The NHS Medical Director, Sir Bruce Keogh, has submitted a report regarding cosmetic intervention, the content of which has sparked a media frenzy.
Spurred on by the PIP breast implant scandal in 2011, Sir Keogh and a panel of industry professionals have created a 68-page document in which they have pulled the industry apart in order to rectify, regulate and reconstruct its existing flaws.
With quotes such as: “It is our view that dermal fillers are a crisis waiting to happen” in the report, it is easy to think the cosmetic industry is heading for trouble.
Well, in many ways, it is. It is in trouble because there isn’t always adequate protection or support for the patient and there is a host of unregulated, illegal products being used by people who are simply not qualified to administer it. This then often falls into the laps of the NHS, who are left to pick up the pieces.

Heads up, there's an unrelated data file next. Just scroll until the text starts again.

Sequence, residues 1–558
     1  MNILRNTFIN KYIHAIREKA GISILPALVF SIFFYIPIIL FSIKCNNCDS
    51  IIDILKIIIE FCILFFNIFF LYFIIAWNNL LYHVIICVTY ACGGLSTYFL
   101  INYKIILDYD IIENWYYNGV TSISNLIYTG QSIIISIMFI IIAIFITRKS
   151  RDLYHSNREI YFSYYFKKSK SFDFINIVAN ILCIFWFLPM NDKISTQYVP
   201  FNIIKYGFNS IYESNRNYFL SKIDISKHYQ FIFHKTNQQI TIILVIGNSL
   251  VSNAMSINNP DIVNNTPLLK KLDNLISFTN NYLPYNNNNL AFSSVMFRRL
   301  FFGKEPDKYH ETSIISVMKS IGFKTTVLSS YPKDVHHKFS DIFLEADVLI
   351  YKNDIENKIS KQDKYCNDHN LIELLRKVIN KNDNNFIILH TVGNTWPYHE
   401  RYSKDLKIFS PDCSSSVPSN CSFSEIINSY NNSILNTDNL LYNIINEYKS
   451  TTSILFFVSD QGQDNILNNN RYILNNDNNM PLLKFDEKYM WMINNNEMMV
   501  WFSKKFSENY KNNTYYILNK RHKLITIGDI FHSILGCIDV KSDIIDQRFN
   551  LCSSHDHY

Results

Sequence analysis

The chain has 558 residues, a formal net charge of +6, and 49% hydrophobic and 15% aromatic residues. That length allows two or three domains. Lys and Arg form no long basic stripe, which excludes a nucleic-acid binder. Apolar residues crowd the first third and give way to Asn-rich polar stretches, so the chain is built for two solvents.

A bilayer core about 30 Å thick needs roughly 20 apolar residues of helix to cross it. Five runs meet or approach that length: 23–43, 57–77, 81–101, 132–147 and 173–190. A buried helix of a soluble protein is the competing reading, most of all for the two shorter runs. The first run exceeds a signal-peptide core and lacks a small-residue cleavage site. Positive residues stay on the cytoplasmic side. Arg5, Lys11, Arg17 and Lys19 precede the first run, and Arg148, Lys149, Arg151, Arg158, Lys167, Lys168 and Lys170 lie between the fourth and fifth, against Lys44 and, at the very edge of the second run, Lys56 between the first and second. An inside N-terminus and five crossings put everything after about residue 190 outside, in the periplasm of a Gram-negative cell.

The Keogh report proclaims that a person having a non-surgical cosmetic intervention has no more protection and redress than someone buying a ballpoint pen or a toothbrush. That simply has to change. One way is to classify fillers as a prescription-only medical device, a point made by the board.
I cannot tell you how relieved I am of the report’s findings and suggestions as I have encountered far too many unfortunate people who have come to me following botched surgery or unnecessary complications as a result of these so-called ‘Cosmetic Surgery Cowboys’.
We work to an incredibly high standard and ethos at Karidis, whereby our staff are fully qualified to carry out the treatments and where consent forms, cooling off periods, advice on alternative solutions and quality of care are the absolute norm.
With the cosmetic industry in the UK estimated to rise to £3.6 billion by 2015, the government must act quick to make sure the safety standards and common practice guidelines set out in the report are fully implemented to stop more people falling victim to pushy cosmetic sales people, irresponsible advertising, illegal wrinkle smoothing solutions and potentially life-threatening situations.
Only then will we be able to improve the industry as a whole, for both the patient and the professionals.
Follow the link below to read the full report: